According to Michael Lee of The Washington Post, the Oklahoma City Thunder would have agreed to send their combo guard to the Wizards in exchange for rookie Bradley Beal and Chris Singleton, but Washington wasn’t willing to pony up the dough it would have cost to sign Harden:
The Washington Wizards turned down a trade with the Oklahoma City Thunder for James Harden this summer because team owner Ted Leonsis was unwilling to commit to what would have been a roughly $80 million, five-year contract for the high-scoring player, according to multiple people with knowledge of the proposed deal.
The Wizards would have sent rookie guard Bradley Beal and second-year forward Chris Singleton to the Thunder in return for Harden, winner of the NBA’s sixth-man award with Oklahoma City last season, according to these individuals, who spoke on condition of anonymity because they were not authorized to talk about the proposal.
My first thought borders on “Are you kidding me?” but then the shock begins to wear off and we come to understand that is just Washington being Washington.
As the team with the worst record in the NBA, the Wizards certainly could have used Harden’s offensive prowess. Especially with John Wall on the sidelines and especially at such a low cost.
Bear in mind the Thunder ultimately shipped Harden to the Houston Rockets in exchange for the star-esque offensive stylings of Kevin Martin, coveted prospect Jeremy Lamb and a few draft picks. Even before Oklahoma City was thrashing opponents on a daily basis once again, that seemed like a fair trade. Which means what the Wizards would have had to give up would have been highway robbery—for Washington.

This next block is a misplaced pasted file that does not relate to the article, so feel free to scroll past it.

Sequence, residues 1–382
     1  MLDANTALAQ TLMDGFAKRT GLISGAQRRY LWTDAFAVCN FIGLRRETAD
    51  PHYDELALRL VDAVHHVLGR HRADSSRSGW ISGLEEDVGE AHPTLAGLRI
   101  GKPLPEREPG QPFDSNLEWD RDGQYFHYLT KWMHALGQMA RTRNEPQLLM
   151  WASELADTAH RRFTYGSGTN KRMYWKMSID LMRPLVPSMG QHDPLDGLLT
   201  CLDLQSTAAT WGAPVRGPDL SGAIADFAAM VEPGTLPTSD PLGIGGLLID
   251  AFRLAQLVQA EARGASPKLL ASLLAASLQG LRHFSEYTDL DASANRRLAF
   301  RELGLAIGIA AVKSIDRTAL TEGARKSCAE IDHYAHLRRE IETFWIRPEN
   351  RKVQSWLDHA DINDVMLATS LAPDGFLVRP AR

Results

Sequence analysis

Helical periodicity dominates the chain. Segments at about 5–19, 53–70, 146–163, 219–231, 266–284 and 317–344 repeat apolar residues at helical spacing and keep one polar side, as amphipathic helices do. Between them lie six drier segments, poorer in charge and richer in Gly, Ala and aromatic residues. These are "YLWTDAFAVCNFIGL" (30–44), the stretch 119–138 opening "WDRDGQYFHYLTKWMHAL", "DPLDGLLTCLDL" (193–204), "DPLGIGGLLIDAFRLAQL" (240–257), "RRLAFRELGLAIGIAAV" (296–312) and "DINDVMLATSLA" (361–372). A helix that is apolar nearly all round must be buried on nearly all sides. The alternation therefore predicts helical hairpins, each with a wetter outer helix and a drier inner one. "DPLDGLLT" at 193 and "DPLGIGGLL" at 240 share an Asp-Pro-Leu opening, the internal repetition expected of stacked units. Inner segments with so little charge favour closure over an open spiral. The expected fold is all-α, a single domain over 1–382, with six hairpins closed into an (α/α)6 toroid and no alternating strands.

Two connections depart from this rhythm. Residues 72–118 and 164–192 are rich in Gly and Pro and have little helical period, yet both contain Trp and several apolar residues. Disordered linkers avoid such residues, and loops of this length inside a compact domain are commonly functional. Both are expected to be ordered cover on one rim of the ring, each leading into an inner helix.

Both Singleton and Beal are promising prospects, but at that point, Beal had yet to set foot on the court and Singleton has had lukewarm impressions on everyone. It becomes even harder to understand the rejected proposal knowing that Harden is an All-Star, someone who could have provided the Wizards with a promising outlook immediately.
Alas, though, Washington—we can only assume—did not want to foot the lofty luxury tax bill that would have headed their way in 2013-14. The Wizards already have over $67 million on the books for next season, and Harden’s max contract would have undoubtedly put them over the painstakingly brutal luxury tax hump.
And yet, is that really a good enough excuse? Understandably the Wizards didn’t want to empty their pockets, but this could have all been avoided had they opted not to deal for the injury-prone Nene or underwhelming Emeka Okafor. Why make those moves? Why take on those bloated salaries in the first place, even when Harden wasn’t considered an option?
Those are questions that have plagued Washington since it struck its first “blockbuster” deal last season with the Denver Nuggets. Now, however, as we watch Harden tear it up in Houston, I’m inclined to ask “why?” once again. Why can’t this team seem to do anything right?
Or better yet, why did this team actively pass on making what was both the right and easy decision with regards to Harden?
The Wizards could have had another star to play alongside Wall. They could have had one of the most formidable backcourts in all of basketball now, not merely boast the aspirations of having that later.
They could have had hope now.
But they don’t. Instead, Washington is Harden-less, and subsequently, this season, also hopeless.
Dan Favale is a firm believer in the three-pointer as well as the notion that defense doesn’t always win championships. His musings can be found at Bleacherreport.com in addition to TheHoopDoctors.com. Follow @danfavale on Twitter for his latest posts and all things NBA.